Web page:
Blame Canada?: State Prescription Drug Importation Programs, the Federal Response, and Why Lawmakers Are Up in Arms
CitationBlame Canada?: State Prescription Drug Importation Programs, the Federal Response, and Why Lawmakers Are Up in Arms (2006 Third Year Paper)
AbstractA growing war on drugs threatens to turn septuagenarians into scofflaws and state governors into full-fledged lawbreakers. As American citizensâ€”especially the powerful elderly constituencyâ€”grow increasingly vocal about the high prices of prescription drugs in the United States, many state and local leaders have taken decisive action to lower prices. State governors and city mayors across the nation have implemented programs that allow participants to buy prescription drugs at reduced prices from Canada and other countries. Although these programs clearly violate provisions of the Food, Drug and Cosmetic Act, the federal government has not taken decisive legal action against the states, instead preferring to focus its enforcement energy on private wholesalers who import drugs illegally for sale in the United States. Meanwhile, these state programs continue to operate with no serious federal resistance. Inside the Beltway, various Senators and Congressmen have taken up the call to arms, sponsoring bills aimed at legalizing drug importation. While several of these crucial bills have been held up, stalled or otherwise delayed, drug importation opponents have publicly questioned whether wholesale legalization of drug importation would truly best serve the American public, arguing that more appropriate channels exist for lowering the price of drugs in the United States. After addressing state-implemented drug programs, the federal and congressional response, and the thorny federalism issue that has developed, this paper will turn to the policy concerns behind drug importation. While many economists oppose drug importation on grounds that it would have deleterious effects on future research and development expenditures, critics have pointed to the fact that the pharmaceutical industry reaps large profits while enjoying the largesse of the federal dole in the form of subsidies and tax breaks. The paper will then present a tentative solution to the seemingly intractable problem of skyrocketing drug prices. This proposal utilizes market forces, rather than direct regulation or price controls, to keep costs more reasonable. Such a multi-pronged approach will require more reliance on generics, negotiations with the pharmaceutical companies to lower prices in the U.S. and a dialogue to persuade other developed countries to move away from monopsonistic price controls. This last step is probably the most difficult and controversial, but may be necessary in order to change the status quo where American consumers pay the brunt of the global cost of research and development. Although no solution will be easy to implement, nor will any one solution satisfy the divergent interests of the numerous parties affected by prescription drugs, some plan of action must be undertaken immediately to protect the needs of consumers while ensuring the future of drug research development in this country. Americans demand it.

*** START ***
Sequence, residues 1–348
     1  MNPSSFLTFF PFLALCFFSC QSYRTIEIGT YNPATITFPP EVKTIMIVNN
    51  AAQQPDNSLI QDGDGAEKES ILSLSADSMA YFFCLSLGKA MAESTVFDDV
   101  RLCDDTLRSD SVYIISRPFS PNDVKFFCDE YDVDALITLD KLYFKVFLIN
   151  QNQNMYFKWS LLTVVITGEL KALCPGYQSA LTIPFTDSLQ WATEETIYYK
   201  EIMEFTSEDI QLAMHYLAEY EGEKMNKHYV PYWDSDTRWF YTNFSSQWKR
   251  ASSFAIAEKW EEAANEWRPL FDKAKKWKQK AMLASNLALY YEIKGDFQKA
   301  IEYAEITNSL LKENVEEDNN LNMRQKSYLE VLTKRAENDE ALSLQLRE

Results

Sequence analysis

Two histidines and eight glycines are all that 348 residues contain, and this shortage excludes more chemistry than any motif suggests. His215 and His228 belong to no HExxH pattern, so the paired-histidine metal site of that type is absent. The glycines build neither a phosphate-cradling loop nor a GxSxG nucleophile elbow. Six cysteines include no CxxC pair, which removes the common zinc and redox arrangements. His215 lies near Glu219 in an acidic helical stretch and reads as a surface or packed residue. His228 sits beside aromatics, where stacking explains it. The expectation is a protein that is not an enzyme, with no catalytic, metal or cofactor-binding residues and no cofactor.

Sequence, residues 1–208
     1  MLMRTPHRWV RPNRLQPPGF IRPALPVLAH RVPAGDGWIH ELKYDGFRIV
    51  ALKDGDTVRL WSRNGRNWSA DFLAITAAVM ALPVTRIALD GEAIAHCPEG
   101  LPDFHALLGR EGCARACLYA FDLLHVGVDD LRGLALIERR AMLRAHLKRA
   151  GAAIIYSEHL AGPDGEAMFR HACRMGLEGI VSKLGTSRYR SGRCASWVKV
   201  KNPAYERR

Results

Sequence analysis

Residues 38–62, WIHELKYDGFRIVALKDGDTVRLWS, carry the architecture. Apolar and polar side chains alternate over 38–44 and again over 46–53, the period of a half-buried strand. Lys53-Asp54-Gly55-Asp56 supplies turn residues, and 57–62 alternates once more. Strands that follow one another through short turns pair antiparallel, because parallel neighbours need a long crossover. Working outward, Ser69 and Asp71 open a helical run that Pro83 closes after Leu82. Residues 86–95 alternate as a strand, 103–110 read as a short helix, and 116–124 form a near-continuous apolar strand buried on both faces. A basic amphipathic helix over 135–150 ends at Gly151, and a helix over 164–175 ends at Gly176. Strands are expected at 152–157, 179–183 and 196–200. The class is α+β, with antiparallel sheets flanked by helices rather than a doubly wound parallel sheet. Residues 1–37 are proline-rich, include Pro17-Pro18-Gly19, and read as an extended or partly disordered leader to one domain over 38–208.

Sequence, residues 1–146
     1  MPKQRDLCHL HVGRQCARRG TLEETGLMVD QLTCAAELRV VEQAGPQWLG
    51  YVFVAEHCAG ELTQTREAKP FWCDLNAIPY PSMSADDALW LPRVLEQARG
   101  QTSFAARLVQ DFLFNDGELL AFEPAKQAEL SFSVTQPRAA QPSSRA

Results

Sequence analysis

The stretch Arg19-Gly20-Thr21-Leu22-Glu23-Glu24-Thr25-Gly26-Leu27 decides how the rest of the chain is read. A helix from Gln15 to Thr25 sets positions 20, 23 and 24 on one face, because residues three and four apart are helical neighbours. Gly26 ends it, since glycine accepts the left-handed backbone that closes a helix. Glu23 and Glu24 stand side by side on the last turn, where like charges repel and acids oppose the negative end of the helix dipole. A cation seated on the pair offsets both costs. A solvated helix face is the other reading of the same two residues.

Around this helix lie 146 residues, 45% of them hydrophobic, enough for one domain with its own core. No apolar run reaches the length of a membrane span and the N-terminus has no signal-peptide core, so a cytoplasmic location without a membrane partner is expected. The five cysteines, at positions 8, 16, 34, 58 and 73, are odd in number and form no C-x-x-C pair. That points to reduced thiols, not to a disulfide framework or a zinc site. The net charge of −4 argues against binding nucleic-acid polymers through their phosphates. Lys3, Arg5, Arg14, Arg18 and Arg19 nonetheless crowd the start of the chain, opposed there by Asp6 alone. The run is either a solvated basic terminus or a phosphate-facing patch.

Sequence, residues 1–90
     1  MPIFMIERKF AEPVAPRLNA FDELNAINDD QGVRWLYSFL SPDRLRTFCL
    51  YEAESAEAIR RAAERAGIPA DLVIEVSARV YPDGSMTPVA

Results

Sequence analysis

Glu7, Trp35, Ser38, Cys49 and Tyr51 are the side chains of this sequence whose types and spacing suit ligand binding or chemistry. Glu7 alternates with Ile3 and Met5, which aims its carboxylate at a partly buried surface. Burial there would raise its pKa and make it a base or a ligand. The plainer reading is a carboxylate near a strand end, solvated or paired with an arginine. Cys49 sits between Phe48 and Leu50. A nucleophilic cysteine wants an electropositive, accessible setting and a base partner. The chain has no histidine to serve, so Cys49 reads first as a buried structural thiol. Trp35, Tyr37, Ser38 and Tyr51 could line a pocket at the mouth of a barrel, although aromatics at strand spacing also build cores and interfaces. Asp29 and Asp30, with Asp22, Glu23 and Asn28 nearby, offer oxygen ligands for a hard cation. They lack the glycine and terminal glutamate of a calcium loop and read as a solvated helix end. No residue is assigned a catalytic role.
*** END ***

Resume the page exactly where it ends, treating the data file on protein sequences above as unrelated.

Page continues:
Citable link to this pagehttp://nrs.harvard.edu/urn-3:HUL.InstRepos:8889489
- HLS Student Papers